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DASH7 Mode 2

DASH7 Mode 2 is a wireless air interface, and system stack, operating exclusively in the 433 MHz ISM band. It is designed and intended to be implementable on low-cost electronic hardware, typically consisting of a microcontroller (CPU) and digital RF transceiver.

  • It is designed and intended for bursty, wireless data applications requiring: average power budgets below 100µW, communication range exceeding 100m in any environment, latency between request and response below 1s, and no periodic transmissions (such as discovery beacons).
  • It is not designed or intended for applications requiring: single data payload transfers beyond 140 bytes, streaming data transfers (such as voice traffic), or burst transfers exceeding at most 10KB/s.

“DASH7” is a trade name for ISO/IEC 18000-7, a global standard for active RFID in the 433 MHz ISM band. Mode 2 is the most modern and capable variant of DASH7, that includes features typical of active RFID as well as WSN (wireless sensor networks), as well as some novel features.

Versioning and Formal Specification

The formal DASH7 specification can be downloaded for free right here.

See Also


The DASH7 Mode 2 specification is roughly 130 pages of 10 point Helvetica Neue on A4. There are dozens of tables and flow chart mixed in with the text, as well. To gain a complete understanding of DASH7 Mode 2 is not an easy task.

However, the truth is that you don't really need to understand everything in order to make great apps for DASH7. OpenTag is an open source project that implements all of the finer points of DASH7 Mode 2 and some of the broader points, too. Check out the OpenTag wiki on this site. Together with the OpenTag wiki, I have put together a quick DASH7 Mode 2 feature summary and DASH7 Mode 2 frame spec for hackers (the good kind of hackers, of course!).

Editorial Note: If you do want to download a PDF of the spec, stay tuned. I am working on getting the approvals and other sorts of mumbo-jumbo.

System Overview

Consider the DASH7 Mode 2 stack as a complete wireless solution covering OSI Layers 1 through 6, and to some extent Layer 7 as well (the application layer). Shown below is a table with a full stack overview for DASH7 Mode 2.

OSI Layer Mode 2 Component Description
Application (7) M2DEF Mode 2 Data Exchange Format for Applications
Secure Exchange Built-in Secure Exchange Protocol
Sensor Access Built-in Sensor Protocol (based on ISO 24151-7)
File Access Built-in File Access Protocol
Other Known Apps Compendium of known, non-built-in applications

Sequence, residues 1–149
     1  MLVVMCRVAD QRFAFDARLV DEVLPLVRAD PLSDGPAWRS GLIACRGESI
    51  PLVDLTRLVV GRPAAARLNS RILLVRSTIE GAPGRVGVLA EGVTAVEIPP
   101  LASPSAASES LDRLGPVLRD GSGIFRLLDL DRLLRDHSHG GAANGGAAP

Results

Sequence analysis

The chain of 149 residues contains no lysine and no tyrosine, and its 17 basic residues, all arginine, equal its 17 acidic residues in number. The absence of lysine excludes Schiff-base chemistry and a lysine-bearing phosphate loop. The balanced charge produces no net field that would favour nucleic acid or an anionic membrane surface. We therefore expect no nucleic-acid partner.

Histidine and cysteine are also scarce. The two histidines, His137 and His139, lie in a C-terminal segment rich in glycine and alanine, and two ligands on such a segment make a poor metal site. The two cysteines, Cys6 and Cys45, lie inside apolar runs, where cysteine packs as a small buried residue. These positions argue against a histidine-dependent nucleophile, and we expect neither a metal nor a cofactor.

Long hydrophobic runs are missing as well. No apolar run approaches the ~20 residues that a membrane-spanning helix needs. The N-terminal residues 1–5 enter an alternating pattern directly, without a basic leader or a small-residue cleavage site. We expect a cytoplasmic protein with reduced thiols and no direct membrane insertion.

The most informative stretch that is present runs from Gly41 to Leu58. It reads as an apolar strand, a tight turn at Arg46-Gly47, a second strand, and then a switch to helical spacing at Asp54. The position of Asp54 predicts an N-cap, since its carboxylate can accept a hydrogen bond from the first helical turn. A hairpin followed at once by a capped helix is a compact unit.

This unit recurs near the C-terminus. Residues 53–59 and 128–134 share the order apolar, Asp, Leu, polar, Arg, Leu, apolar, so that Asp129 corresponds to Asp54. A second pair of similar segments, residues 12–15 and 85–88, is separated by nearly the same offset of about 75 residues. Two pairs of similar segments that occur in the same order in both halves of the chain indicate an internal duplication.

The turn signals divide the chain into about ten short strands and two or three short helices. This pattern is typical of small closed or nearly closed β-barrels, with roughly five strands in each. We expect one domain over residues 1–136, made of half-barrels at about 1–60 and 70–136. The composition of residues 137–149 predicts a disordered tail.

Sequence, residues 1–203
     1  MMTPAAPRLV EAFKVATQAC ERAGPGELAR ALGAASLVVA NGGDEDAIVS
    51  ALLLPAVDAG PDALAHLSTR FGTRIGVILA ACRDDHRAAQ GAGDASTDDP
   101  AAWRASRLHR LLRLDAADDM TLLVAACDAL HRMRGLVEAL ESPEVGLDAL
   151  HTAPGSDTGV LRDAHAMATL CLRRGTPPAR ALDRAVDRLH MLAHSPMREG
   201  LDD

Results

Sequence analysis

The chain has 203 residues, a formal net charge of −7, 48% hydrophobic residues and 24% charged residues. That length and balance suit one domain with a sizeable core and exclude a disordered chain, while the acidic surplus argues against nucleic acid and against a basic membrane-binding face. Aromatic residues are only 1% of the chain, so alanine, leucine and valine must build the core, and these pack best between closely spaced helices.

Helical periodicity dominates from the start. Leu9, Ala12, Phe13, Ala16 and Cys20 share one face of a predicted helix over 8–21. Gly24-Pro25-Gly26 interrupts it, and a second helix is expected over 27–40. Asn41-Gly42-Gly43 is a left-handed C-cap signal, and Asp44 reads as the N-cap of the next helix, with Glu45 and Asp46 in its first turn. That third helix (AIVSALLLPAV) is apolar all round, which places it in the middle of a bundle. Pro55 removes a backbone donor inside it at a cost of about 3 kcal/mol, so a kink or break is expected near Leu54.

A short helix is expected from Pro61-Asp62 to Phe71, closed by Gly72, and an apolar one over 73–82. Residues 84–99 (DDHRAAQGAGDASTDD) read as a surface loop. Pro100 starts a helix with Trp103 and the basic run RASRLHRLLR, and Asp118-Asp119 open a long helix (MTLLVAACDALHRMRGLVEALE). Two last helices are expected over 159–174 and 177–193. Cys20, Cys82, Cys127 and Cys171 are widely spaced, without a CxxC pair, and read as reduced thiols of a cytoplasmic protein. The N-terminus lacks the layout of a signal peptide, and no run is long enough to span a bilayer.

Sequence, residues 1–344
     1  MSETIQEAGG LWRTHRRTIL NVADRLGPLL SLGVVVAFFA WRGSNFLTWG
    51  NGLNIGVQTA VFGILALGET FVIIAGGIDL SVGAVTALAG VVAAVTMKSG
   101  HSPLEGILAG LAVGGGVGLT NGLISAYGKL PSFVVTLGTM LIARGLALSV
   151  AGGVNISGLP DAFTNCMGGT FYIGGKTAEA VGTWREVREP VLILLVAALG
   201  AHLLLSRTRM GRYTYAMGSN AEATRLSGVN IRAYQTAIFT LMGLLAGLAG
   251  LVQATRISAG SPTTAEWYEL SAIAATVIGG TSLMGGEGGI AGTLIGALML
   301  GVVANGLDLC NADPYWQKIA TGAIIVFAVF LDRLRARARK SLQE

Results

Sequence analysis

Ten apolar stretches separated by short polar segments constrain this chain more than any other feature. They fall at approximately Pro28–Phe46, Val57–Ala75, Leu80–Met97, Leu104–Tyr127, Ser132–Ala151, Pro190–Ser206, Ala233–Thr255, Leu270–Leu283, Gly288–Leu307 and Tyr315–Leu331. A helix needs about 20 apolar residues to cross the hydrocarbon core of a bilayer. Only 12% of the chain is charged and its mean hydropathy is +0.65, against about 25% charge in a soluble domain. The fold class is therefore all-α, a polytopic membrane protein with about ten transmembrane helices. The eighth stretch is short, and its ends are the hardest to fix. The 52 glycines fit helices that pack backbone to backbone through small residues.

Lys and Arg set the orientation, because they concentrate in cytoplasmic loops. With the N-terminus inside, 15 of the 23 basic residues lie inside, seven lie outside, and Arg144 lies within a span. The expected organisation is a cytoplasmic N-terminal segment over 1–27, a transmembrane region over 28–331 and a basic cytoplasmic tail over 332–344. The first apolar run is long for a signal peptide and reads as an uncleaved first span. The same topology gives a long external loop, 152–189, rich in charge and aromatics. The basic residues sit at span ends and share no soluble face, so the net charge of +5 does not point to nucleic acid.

Data Elements (6) Presentation Data presentation fundamental requirements
Mode 2 FS Lightweight filesystem with features resembling network ports, memory heaps, and normal filesystems: User privileges, Create/Delete/Read/Write, batch access
Crypto Table Volatile data structure for storage of host-host cryptographic key pairings
Session (5) Session Stack Unified session model with adaptive idling and priority to ad-hoc sessions over scheduled sessions (i.e. stack-based)
Transport (4) M2QP Mode 2 Query Protocol supports data-driven addressing, request/response, flow/congestion control, guaranteed delivery, and UDP adaptation
L4 Adaptation Methods for adaptation of UDP & TCP transport via M2QP
Network (3) M2NP Mode 2 Network Protocol used for routing and Network-Layer-Security (NLS)
Stream Frame A Network Layer primitive used as a concatenated frame in multi-frame packets
M2AdvP Mode 2 Advertising Protocol: a fixed length protocol (background protocol) for generating ad-hoc group synchronization.
M2ResP Mode 2 Reservation Protocol: basically identical to M2AdvP, except for advanced CSMA reservation. Not currently specified, just RFU.
NLS Network Layer Security: available for M2NP. NLS in Mode 2 encrypts the destination address but sends the source address in the clear.
Data Link (2) Frame Specification Two types: fixed-length “Background Frame” and variable-length “Foreground Frame”
Transfer Models Flood (Background Frame) and 1 Request → N Response (Foreground Frame)
Fundamental MAC CSMA-CA with dynamic channel guarding rules
Extended MACs RX wake-on, real-time synchronization, discovery beacons, guaranteed time-slots
Frame Addressing Broadcast, Unicast
Data Integrity CRC16 (Background Frame) and CRC5 + CRC16 (Foreground Frame), plus optional variable-length Reed-Solomon code
Data Link Security (DLLS) based on AES128-EAX with 32 bit integrity check
Physical (1) Channel QoS Clear Channel Assessment (CCA) with +/- 6 dB tolerance requirement
Encoding Types 1/1 (PN9-type), or optional 1/2 Interleaved Convolutional Code
Symbol Rate Multiple rates supported, up to 212kHz
Modulation FSK & MSK
Channeling Up to 15 channels
Spectrum 433.05 - 434.79 MHz (433 ISM Band)

Using IP with DASH7

DASH7 includes a mostly transparent UDP/IP Bridge at the M2QP Transport Layer. Addressing in DASH7 uses 64 bit UIDs which can be compliant with EUI-64, so the addressing conversion to/from IPv6 works the same way as it would in 6LoWPAN. For address conversion to/from IPv4, the entire IPv4 address can be stored inside the DASH7 UID.

Here is a list of other research papers, slideshows, etc, about DASH7. (Note: list is growing. There are actually a lot of DASH7 articles on the internet as well as my PC, but I need to upload them)

Introduction to DASH7 Technologies
An early paper by JP Norair from 2009 discussing ISO 18000-7 Mode 1, but many of the topics still apply to today's Mode 2. It describes some fundamentals of path-loss, RF modulation, antenna design, and low-power RF wakeup.

dash7_mode_2/main.txt · Last modified: 2015/04/27 18:43 by jpnorair